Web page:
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Coping with Scanxiety During Cancer Treatment

Read Time: 1 minute

Two people comforting each other while anxious and stressed.

Anxiety around medical scans can be a common challenge before, during, and after cancer treatment. Scans provide important information about what the next steps in your cancer experience may be.

What is scanxiety?

A feeling of dread, fear or uncertainty revolving around a scan. Sometimes it interferes with sleep, eating, focus, or motivation. It can make you irritable, tired, sad, or overwhelmed. In some cases, it might be hard to explain what you are anxious about.

When does scanxiety typically occur?

You may experience scanxiety before, during, and after testing. Testing schedules are based on your type of cancer and stage of treatment. This can lead to a regular cycle of scanxiety.

Patient undergoes CT scan for lung cancer screening.

Unfortunately, scanxiety does not necessarily disappear when your health improves. It is normal to be afraid of your cancer returning or your disease progressing.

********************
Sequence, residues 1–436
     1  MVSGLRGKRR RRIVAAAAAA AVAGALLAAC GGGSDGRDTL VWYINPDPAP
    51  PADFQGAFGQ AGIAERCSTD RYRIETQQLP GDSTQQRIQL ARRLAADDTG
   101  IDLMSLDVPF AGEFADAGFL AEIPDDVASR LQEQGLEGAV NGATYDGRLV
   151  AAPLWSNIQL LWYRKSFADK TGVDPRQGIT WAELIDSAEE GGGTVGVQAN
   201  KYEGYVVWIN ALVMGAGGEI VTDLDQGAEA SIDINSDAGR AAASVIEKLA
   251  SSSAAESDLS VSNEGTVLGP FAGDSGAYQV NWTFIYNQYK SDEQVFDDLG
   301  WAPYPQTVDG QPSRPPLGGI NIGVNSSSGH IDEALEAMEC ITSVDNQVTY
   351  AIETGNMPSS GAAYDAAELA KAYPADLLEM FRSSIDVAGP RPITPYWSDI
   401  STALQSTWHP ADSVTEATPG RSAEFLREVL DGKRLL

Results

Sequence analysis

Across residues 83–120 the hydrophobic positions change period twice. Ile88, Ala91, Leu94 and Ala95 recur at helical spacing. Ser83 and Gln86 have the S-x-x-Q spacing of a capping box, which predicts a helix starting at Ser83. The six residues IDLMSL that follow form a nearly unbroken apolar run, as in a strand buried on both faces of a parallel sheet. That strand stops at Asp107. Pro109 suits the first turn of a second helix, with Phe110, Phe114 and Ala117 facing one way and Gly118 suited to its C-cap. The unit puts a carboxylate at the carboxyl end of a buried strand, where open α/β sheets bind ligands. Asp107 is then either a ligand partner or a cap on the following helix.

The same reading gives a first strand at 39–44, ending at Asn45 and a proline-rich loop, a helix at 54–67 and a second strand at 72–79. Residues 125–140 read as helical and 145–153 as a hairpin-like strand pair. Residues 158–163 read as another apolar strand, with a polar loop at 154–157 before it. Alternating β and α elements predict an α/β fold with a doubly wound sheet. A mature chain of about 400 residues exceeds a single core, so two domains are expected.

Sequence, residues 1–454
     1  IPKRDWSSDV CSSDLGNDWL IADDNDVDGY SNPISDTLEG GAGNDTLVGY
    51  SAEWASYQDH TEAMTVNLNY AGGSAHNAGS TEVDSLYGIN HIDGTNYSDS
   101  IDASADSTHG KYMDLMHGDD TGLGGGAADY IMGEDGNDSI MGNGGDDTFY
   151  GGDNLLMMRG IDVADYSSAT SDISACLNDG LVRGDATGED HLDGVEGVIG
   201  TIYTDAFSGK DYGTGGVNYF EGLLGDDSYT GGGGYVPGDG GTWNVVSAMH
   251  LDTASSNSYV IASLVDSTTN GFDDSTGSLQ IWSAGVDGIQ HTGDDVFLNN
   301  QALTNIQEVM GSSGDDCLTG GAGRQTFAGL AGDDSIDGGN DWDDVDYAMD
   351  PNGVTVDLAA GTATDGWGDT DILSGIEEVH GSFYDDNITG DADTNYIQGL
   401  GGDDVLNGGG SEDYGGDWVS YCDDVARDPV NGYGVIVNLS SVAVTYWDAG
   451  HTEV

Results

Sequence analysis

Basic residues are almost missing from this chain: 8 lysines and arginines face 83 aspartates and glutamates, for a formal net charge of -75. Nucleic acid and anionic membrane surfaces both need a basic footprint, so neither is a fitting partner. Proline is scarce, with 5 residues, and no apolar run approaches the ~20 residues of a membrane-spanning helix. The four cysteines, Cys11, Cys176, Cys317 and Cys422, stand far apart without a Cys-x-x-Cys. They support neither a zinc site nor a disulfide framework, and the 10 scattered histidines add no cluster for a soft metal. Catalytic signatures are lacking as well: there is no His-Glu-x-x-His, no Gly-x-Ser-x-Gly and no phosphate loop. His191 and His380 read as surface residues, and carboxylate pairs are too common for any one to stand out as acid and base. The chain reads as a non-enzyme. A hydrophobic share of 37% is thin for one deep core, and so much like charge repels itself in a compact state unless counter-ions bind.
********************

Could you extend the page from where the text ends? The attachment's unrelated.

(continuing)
What can I do?

As a patient, recognize that this is normal. If it helps, learn more about the scan and what the results could mean. If it doesn’t help, stay away from internet searches and focus more on distracting yourself and finding ways to relax. Lean on your loved ones to talk about your fears and concerns. Professional support can help you develop healthy coping strategies or provide medicine.

As a caregiver, be understanding and listen to your loved one’s concerns. Take care of yourself as well. Scanxiety can impact you just as much as the one who has cancer.

For more information, visit our Cancer Learning Center, the Wellness and Integrative Health Center, or contact a social worker or support group.

Cancer touches all of us.